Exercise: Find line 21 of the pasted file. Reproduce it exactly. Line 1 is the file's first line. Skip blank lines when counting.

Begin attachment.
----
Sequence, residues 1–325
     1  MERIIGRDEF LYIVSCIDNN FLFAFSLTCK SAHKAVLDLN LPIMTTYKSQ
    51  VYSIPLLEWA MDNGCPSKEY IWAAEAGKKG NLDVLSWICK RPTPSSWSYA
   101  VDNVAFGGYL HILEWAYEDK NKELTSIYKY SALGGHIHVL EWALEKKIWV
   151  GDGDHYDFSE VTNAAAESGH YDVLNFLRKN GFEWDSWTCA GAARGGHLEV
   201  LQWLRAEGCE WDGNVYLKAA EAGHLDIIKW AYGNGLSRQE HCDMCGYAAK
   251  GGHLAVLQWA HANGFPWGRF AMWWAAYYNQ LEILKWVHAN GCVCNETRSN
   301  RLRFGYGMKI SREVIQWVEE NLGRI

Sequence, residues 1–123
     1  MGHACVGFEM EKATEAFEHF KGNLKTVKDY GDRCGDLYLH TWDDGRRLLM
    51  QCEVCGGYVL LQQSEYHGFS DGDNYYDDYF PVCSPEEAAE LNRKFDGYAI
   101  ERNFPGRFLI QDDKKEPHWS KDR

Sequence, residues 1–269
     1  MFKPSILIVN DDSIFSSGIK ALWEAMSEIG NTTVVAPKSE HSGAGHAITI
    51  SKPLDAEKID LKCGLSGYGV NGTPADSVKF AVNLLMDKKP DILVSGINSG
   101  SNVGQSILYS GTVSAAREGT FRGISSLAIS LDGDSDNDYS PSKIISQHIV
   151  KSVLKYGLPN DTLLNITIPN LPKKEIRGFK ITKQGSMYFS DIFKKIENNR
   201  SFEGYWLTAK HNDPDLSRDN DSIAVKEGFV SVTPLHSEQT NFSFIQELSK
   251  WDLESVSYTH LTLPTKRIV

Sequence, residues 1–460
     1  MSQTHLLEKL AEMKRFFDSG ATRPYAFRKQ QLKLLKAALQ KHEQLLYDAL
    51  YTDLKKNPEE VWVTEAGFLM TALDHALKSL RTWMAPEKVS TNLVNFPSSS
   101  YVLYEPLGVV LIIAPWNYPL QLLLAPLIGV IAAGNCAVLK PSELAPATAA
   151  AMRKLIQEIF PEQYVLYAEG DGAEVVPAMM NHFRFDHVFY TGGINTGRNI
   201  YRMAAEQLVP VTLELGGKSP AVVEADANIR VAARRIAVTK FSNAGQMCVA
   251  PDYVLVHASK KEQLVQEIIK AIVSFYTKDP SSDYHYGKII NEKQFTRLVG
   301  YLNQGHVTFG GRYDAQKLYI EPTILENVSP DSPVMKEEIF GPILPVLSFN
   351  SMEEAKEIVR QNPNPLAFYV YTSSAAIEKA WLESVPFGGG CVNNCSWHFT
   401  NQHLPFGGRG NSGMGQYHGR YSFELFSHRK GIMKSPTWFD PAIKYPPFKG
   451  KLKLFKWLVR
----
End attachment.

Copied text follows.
     1  MSQTHLLEKL AEMKRFFDSG ATRPYAFRKQ QLKLLKAALQ KHEQLLYDAL